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The Stepfather Trilogy

The Stepfather (October 22/09)

Armed with Terry O'Quinn's magnetic performance, The Stepfather ultimately manages to overcome its almost aggressively uneven atmosphere to establish itself as a solid little '80s thriller. The film - which details O'Quinn's serial family killer Jerry Blake ongoing efforts at winning over his new wife's suspicious teenage daughter (Jill Schoelen's Stephanie) - has been infused with a deliberate pace that generally seems at odds with the inherently salacious premise, with the less-than-enthralling vibe undoubtedly exacerbated by an entirely needless subplot following a former victim's brother as he attempts to track Jerry down. It's due almost entirely to O'Quinn's remarkably compelling work that The Stepfather remains relatively engaging even through its overtly underwhelming stretches, as the actor does a superb job of ensuring that Jerry never quite comes off as a run-of-the-mill horror-movie psycho - which only heightens the impact of those moments wherein the character drops the blandly charming exterior and demonstrably loses his temper. The otherwise pervasive absence of outwardly positive elements is inevitably compounded by the consistently predictable nature of Donald E. Westlake's screenplay, and although the action-packed finale is admittedly quite stirring, The Stepfather never quite becomes the irresistibly tongue-in-cheek slasher one might've expected based on the setup (and boy, is it dated).

out of


Stepfather 2: Make Room for Daddy (October 25/09)

Though not quite the retread of its predecessor one might've anticipated, Stepfather 2: Make Room for Daddy nevertheless comes off as a tiresome sequel that boasts little worth recommending aside from Terry O'Quinn's expectedly electrifying performance. The storyline follows O'Quinn's homicidal Jerry Blake as he adopts the persona of friendly therapist Gene Clifford, with the bulk of the proceedings detailing his ongoing efforts at winning over a single mother (Meg Foster's Carol) and her young son (Jonathan Brandis' Todd). Director Jeff Burr has infused Stepfather 2: Make Room for Daddy with precisely the sort of egregiously deliberate pace that plagued its predecessor, with the sporadic inclusion of admittedly engaging kill sequences - coupled with O'Quinn's charismatic work - ensuring that the almost unreasonably thin storyline doesn't become entirely problematic until about the one-hour mark. The increasingly uneventful atmosphere is exacerbated by a climax that couldn't possibly be less exciting, and it's ultimately difficult to envision even fans of the original Stepfather finding much here worth celebrating.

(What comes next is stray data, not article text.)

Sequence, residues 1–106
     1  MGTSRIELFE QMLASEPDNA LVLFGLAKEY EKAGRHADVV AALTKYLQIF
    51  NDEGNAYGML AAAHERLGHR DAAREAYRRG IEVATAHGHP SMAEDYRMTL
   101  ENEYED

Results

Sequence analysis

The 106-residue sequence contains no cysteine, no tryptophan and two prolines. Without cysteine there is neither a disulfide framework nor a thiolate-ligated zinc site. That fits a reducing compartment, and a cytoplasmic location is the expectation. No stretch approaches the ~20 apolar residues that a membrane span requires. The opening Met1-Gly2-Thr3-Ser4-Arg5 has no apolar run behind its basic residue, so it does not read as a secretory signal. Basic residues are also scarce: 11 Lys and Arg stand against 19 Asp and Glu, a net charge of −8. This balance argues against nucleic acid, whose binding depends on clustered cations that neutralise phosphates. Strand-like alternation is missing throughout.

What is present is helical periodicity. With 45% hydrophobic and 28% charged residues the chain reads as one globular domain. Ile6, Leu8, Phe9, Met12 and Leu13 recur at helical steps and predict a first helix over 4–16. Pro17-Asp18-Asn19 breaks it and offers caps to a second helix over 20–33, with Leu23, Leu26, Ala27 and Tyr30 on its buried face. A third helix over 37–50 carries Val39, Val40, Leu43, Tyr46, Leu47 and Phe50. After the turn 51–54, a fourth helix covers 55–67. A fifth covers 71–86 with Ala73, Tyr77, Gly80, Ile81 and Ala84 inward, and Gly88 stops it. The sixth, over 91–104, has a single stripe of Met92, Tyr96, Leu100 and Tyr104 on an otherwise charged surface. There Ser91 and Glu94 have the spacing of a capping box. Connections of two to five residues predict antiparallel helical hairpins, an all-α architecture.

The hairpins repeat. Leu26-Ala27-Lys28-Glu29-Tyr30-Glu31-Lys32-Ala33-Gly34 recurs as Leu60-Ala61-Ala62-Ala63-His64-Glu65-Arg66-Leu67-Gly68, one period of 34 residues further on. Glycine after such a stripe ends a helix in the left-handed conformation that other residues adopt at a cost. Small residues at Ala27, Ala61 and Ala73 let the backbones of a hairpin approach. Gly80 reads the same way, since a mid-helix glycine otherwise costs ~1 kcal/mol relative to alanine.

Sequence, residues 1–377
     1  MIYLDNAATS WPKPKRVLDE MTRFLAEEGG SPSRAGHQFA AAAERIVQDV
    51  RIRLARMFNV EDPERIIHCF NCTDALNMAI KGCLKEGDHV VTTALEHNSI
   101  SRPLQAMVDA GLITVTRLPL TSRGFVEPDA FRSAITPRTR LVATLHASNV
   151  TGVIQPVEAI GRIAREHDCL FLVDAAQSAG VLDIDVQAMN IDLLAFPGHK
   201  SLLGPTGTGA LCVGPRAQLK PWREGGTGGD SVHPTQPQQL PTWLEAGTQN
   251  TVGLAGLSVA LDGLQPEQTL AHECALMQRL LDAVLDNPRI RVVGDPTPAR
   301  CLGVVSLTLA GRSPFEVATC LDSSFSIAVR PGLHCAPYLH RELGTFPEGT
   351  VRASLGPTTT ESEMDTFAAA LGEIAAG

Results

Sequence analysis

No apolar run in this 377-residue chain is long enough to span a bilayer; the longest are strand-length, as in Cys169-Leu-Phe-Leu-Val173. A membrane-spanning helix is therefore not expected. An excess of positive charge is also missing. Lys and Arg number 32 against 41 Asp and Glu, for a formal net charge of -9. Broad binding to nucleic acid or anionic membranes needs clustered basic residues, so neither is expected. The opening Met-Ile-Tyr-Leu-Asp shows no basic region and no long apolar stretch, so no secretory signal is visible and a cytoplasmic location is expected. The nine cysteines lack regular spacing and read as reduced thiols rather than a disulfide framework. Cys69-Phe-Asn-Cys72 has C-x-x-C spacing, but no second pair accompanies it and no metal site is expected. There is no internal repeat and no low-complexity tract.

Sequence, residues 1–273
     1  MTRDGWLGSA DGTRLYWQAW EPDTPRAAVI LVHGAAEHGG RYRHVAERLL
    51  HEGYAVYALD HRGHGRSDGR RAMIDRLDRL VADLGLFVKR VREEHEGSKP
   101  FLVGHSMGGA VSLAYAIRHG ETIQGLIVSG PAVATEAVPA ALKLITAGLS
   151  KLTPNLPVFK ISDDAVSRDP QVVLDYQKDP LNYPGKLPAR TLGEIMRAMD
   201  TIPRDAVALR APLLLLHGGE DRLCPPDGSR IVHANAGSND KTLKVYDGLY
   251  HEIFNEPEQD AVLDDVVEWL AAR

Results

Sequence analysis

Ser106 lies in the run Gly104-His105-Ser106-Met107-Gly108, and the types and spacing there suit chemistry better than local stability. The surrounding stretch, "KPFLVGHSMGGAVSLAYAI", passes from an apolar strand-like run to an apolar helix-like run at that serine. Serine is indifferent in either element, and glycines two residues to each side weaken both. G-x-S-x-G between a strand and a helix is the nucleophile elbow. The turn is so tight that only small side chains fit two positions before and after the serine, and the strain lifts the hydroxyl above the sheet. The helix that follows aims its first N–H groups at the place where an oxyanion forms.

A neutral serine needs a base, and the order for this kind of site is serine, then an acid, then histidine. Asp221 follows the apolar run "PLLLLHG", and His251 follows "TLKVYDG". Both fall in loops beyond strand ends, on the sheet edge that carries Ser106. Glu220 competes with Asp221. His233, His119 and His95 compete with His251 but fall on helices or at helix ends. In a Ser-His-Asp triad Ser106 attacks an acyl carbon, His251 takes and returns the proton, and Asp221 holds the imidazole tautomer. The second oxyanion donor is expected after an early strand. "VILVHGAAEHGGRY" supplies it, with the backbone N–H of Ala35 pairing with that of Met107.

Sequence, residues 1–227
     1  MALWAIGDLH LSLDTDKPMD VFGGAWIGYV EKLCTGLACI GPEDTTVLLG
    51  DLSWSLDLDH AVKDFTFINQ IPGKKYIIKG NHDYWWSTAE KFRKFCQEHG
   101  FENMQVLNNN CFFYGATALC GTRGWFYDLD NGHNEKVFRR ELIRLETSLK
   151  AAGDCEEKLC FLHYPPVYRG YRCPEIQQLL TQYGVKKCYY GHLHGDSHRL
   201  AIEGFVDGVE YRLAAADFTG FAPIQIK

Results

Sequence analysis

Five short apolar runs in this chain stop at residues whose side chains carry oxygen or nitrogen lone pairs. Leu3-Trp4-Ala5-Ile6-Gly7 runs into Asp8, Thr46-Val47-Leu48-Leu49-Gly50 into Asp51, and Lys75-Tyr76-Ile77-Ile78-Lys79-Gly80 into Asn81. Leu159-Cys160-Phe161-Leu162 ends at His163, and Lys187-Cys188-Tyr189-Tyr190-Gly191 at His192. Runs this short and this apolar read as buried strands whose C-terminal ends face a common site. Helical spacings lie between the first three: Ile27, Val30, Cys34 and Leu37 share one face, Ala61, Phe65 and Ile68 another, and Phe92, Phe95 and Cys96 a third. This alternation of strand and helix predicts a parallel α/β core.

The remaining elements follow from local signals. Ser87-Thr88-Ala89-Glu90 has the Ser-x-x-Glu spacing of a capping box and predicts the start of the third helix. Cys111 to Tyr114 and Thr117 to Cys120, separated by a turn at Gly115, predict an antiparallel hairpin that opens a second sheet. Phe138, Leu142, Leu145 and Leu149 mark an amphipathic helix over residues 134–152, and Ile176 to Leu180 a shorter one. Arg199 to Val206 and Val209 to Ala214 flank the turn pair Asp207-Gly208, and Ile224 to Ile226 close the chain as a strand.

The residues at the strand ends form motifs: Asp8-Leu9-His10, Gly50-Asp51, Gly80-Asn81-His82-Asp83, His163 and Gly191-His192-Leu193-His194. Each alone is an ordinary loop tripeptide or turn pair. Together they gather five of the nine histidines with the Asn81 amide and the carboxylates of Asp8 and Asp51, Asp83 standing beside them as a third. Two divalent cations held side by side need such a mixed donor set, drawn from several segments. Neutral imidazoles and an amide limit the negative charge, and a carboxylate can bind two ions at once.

out of


Stepfather III (November 24/09)

The Stepfather trilogy comes to a close with this hopelessly anti-climactic (and downright needless) entry, in which the title character (Robert Wightman's Keith Grant) undergoes facial reconstruction surgery before heading off to yet another idyllic suburban community to worm his way into the life of a single mother (Priscilla Barnes' Christine) and her young son (David Tom's Andy). It's clear virtually from the opening frames that Stepfather III is a far more low-rent endeavor than either of its two forebears, with Terry O'Quinn's absence in the central role ultimately the least of the movie's problems - as Wightman offers up a relatively decent impression of his admittedly superior predecessor. It's instead the almost aggressively familiar storyline that seals the film's downfall, as screenwriters Guy Magar and Marc B. Ray's ongoing refusal to deviate from the series' well-established template results in a pervasively stale atmosphere that's nothing short of oppressive. There's consequently little doubt that Stepfather III boasts few attributes designed to capture (and sustain) the viewer's interest, with the inclusion of a few appreciatively brutal kill sequences effectively preventing the movie from becoming a complete waste of time (ie it's impossible to go wrong with a wood chipper-related death). The finality of the movie's conclusion is admirable, admittedly (ie the stepfather is certainly not recovering from that), yet it's impossible to label Stepfather III as anything more than an ill-conceived capper to a consistently underwhelming franchise.

out of

© David Nusair